Updated: Apr 14, 2022
We have been hearing this debate for months. To date, at least half of the adult population has received at least one dose of a vaccine and yet the debate is still heating up and rages on. It seems like ages ago we were talking about a new virus emerging across the globe then crossing over into Europe and eventually making its way to both the East and West coast of the country. It began with two cases in the city home of the famous crossroads of the world Times Square as well as outbreaks in California and Washington state. Who would have thought a viral outbreak across seas and then two cases in a city would lead to one of the darkest times seen since the 1918 Spanish flu pandemic! In the midst of all this came the realization that this virus was not just going to go away but rather our way of life would be changed. Moving forward we would need some sort of protection from this unrelenting and unforgiving virus.
So fast forward and here comes the debate on vaccines. Now I must confess outside of vaccines I had when a child or entering college, vaccines have not been on my high priority list. Ironically, for the first time in forever, I had actually planned to get some vaccines or boosters in preparation for a trip overseas in 2019. On that list was the flu shot, something I was always hesitant to get. This distrustful and some may even say foolish fear and rejection of life-saving vaccines is truly a personal choice. Yet we know this personal choice has an impact on all others in a community. For proof, look no further than the measles outbreak across the country in 2019 with concentrated cases in New York and California. Despite this uptake in cases in a disease that had been at bay for years, you still had a committed group of parents and advocates suing local entities over their rights to choose or not choose to vaccinate their children.
Now once again, the debate comes up and the stakes have never been higher. The inalienable right to choose is once again in the spotlight. On one hand, you have the dream of society going back to the way it was with just one simple vaccine. On the other hand, you have the skeptical and vigilant defenders of their rights to choose. Is there common ground? In my opinion no. It is one of those things that once again makes this a great country, our right to choose and make well-informed choices.
Speaking from experience, healthy skepticism can be a good thing. People should ask questions and do their own thorough research. These actions are prudent in order for a person to make the best choice for them and their community. Quite often as humans, we think selfishly and not beyond our own little bubbles. Whether it is going out sick, not practicing proper hygiene, or putting others in the community at risk, by nature we are accustomed to behaving selfishly. So how do you balance this routine self-serving behavior with establishing a safe environment for all in the middle of a pandemic? One can argue that by taking the necessary precautions and following the protocols that the medical community and CDC put in place, you do not have to get vaccinated. On the other side of the discussion, you can argue that getting vaccinated is a necessary part of the process needed to move the world back to a place of normalcy and safety for all. The fact is that somewhere in the middle is the gray area that we as human beings will need to meet.
Just as certain topics like religion and politics are usually advised not to discuss out of fear of contentious discussions, I believe vaccine hesitancy has been added to the list. It is common for people who intend or have had the vaccine to question and in some cases resent those that have not. In turn, those who have chosen not to get vaccinated are approached with disdain, unfair treatment and in extreme cases threatened. It is my belief that continued open and honest discussions are needed to break through the barriers and unfair treatment of those who choose not to get vaccinated. We may not agree but it is necessary to explore and build upon common ground in order for the country and world to continue to move forward. It is a race against time to beat a deadly virus and we must remember that that the virus is the enemy and not each other.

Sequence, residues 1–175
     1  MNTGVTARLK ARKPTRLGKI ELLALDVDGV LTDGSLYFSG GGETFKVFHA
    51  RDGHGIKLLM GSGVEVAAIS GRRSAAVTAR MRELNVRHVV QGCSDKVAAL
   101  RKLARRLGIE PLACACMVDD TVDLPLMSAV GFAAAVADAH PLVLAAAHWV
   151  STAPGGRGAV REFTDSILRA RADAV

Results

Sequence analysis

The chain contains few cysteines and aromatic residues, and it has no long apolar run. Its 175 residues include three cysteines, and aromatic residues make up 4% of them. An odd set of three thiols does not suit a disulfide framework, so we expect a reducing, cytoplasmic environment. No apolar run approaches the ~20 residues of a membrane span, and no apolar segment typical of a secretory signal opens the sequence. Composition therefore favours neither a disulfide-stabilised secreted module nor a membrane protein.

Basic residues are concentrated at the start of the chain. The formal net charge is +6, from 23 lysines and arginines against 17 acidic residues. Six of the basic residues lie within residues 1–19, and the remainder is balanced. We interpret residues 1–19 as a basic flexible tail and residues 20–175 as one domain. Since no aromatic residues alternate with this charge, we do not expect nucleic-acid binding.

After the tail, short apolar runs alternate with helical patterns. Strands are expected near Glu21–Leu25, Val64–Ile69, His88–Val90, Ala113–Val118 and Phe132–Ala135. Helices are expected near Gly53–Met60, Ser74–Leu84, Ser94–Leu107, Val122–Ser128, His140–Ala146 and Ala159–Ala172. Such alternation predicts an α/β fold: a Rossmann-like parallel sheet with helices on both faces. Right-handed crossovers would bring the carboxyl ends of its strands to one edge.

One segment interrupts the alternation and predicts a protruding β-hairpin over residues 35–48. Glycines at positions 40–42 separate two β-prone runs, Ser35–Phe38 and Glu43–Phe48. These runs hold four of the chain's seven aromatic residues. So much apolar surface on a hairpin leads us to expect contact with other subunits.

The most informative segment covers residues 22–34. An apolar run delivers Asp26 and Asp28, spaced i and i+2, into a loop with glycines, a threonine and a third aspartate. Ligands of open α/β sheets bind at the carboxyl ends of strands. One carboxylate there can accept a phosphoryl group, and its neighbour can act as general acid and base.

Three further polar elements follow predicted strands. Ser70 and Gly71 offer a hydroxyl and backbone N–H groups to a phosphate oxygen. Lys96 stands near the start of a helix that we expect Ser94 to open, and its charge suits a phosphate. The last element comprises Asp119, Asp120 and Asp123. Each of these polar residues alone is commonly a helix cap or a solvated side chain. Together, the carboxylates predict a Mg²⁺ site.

I have made my own decision to not bring the topic up with people as it is a personal choice. I do offer an important suggestion. Educate yourself and do your research and do not base your decision on myths, hearsay or listening to individuals not in the medical field. Perhaps the most important tip I could offer if making a decision, do not base your decision on fear but base it on faith. Base your decision on facts and science and your faith will lead you to make the choice that is right for you.
The reality will simply be some will take vaccines whether for COVID-19 or something else in hopes that it can lead to a sense of both normalcy and security. Others will fight against it and move about their communities interacting with those who are trying to take precautions. It will remain a tale of two standards and the key will be which side of the argument you feel most comfortable with. The most important takeaway is, there should always be a right to choose but when does a right to choose harm your fellow members of society? It is important to consider that we do not have the ultimate right to pass judgment even if we do not agree. It is worth examining how you would feel if you were backed into making a decision that you were not comfortable with or had the time to research. Ultimately, can we force someone to make a choice that goes against their beliefs or can we truly say who is right or wrong? Some may argue in extraordinary times such as in a global pandemic you can. Which side do you stand for?